Tuesday, March 25, 2008

10 Principles for Developer Testing

1) Code a Little, Test a Little

Test driven development is all the rage and is a great way to do "test a little, code a little". But it is important to remember that it is the results not how you achieve them that matter most. As long as test code is written concurrently with implementation code, it doesn't matter if you follow strict test driven development practices because when the tests are done you won't be able to tell what method was followed. The only wrong way to write test code is after the implementation code is done.

2) Use Tests to Improve the Design

Testability is an excellent indicator of design quality. If your code is hard to test then the design needs to be fixed. Look for warning signs and use the tests to guide the design. Hard to test code includes singletons, static calls, and too many parameters. Warnings signs of a design that needs help include making private methods public for testing, complicated test setup, excessive test assertions and mocking concrete classes.

3) Write as Much Test Code as Implementation Code

On average you should expect to write at least as many lines of test code as there are implementation code.

4) Test the Right Thing

It's a unit test, so it should be testing one unit. Since most of us are doing object oriented development the unit is a class. Make sure you are only testing the class under test and not some infrastructure such as database or web server. Make sure you are only testing the class under test and not other classes it may depend on, the dependent classes should already have been well tested by their own unit tests. Make sure you test the things that are likely to break and that usually does not include things like simple getters and setters.

5) Test the Error Handling

You need to test more than the expected paths through the code. Make sure to test what the code will do under error conditions. Is it catching the right exceptions? Does it handle errors gracefully and cleanup things like database connections?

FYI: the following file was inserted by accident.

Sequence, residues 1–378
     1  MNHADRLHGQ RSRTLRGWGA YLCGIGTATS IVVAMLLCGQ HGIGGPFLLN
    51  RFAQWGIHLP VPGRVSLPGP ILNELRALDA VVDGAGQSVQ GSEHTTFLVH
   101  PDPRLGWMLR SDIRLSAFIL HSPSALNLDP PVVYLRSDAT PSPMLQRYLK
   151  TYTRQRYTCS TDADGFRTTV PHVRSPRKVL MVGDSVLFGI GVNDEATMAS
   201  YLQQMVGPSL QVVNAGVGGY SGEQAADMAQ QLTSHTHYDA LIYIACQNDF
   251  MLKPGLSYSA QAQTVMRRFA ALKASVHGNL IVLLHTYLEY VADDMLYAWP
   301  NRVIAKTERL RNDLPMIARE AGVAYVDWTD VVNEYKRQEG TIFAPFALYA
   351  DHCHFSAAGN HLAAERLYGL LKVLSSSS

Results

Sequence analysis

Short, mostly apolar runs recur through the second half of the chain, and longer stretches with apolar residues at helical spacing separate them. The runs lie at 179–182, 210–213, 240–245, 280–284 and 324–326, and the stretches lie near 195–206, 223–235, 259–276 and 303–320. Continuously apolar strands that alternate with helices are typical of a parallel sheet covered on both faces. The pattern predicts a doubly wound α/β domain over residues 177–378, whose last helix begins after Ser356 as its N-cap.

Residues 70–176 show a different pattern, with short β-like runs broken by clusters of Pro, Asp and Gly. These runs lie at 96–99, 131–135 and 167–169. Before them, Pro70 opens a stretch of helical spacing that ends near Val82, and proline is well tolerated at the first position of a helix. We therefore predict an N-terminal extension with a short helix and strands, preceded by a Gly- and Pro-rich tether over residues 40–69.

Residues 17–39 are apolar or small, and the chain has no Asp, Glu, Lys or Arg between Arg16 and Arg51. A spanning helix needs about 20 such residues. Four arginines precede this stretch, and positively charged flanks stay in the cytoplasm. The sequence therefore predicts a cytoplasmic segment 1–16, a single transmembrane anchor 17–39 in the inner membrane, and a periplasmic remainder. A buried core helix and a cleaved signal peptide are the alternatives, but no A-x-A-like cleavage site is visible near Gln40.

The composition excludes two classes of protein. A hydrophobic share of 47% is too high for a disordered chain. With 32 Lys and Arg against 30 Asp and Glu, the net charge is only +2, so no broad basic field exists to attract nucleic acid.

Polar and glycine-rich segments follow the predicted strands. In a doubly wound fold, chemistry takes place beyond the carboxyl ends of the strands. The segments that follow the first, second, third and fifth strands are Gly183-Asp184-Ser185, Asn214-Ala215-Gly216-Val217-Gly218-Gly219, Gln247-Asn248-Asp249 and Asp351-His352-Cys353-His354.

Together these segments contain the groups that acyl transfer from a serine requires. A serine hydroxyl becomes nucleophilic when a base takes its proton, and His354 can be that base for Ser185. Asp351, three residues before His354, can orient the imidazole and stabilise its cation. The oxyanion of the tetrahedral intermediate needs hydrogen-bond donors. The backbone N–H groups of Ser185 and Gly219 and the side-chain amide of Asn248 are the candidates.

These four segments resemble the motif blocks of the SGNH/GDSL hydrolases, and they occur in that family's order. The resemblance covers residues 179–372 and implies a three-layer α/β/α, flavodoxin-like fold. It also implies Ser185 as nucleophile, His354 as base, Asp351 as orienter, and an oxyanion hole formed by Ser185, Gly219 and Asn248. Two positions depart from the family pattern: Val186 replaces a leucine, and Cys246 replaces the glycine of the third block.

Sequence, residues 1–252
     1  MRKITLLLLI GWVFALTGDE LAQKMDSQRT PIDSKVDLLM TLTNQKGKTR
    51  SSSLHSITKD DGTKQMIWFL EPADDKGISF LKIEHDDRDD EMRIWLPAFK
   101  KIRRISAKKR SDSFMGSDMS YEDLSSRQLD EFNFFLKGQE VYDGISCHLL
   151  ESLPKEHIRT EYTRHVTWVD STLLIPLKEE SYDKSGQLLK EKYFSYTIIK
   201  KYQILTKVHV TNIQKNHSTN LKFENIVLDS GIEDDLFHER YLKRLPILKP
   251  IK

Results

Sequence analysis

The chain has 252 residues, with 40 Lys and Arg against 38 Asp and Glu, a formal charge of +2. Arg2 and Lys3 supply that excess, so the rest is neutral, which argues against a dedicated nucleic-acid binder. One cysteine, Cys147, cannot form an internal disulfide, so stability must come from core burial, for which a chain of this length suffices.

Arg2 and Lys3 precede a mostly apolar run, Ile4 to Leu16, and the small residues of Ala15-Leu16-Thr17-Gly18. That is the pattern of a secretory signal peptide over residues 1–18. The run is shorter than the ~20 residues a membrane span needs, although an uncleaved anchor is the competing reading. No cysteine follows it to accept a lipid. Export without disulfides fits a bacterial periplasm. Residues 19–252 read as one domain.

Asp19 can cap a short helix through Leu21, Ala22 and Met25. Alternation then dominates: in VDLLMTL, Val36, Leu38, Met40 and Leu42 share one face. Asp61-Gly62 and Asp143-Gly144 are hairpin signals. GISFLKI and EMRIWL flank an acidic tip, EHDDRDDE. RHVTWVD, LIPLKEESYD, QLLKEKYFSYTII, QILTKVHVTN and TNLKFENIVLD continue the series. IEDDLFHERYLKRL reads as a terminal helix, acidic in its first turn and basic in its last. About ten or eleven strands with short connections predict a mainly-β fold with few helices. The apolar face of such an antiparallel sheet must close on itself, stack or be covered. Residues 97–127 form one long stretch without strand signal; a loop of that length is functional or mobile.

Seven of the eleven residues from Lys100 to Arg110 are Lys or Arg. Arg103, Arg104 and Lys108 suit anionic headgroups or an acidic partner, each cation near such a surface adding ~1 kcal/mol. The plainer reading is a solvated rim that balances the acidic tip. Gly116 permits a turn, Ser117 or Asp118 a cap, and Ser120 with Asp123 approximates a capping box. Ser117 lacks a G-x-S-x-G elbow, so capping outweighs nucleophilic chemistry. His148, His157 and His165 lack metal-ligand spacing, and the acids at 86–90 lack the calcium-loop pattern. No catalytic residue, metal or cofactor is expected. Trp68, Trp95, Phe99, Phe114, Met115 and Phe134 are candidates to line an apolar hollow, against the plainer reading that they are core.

6) Always Write a Test Before Fixing a Bug

Whenever you find a bug write a test that fails because of the bug before you try and fix the bug. If you don't have a test before you attempt fix the bug how exactly will you know the bug is gone? Adding a test for every bug will also help ensure that the same bug does not creep back into the system later.

7) Mock Objects are Your Friends

If you are not using mock objects you need to start. There are numerous excellent and mature open source mock object frameworks for most any language. The benefits of mock objects are to great to ignore. Mock objects let you write truly isolated unit tests, speed up you unit tests, and test things such as error handling that would probably be impossible to automate without mocks.

8) Use a Code Coverage Analyzer

Test coverage analyzers are wonderful tools that can help find inadequately tested code. But always keep in mind that test coverage is about the journey not the destination. Your goal is to have better tested code not necessary 100% code coverage. There are many excellent open source and commercial coverage tools available so there is no reason not to use one.

9) Don't be Fooled by High Code Coverage Numbers

Depending on the metric used it is possible to have 100% coverage with garbage unit tests. Statement coverage is the poorest way to measure coverage because it only says which lines were executed and says nothing about what branches or paths in the code were tested. Branch coverage tells you which branches in a control structure such as an if or switch statement were executed. So branch coverage combined with statement coverage is pretty good. A better metric is path coverage that will tell you which execution paths through the code were covered.

10) Know Your Cyclometric Complexity

Cyclometric complexity is a measure of how many execution paths there are through a piece of code. A method or function with no control flow, such as a if statement, will have a complexity of one. The complexity goes up for each execution branch such as and if or else statement. Cyclometric complexity is a good way to get a feel for how many tests a method needs to cover all execution paths through it.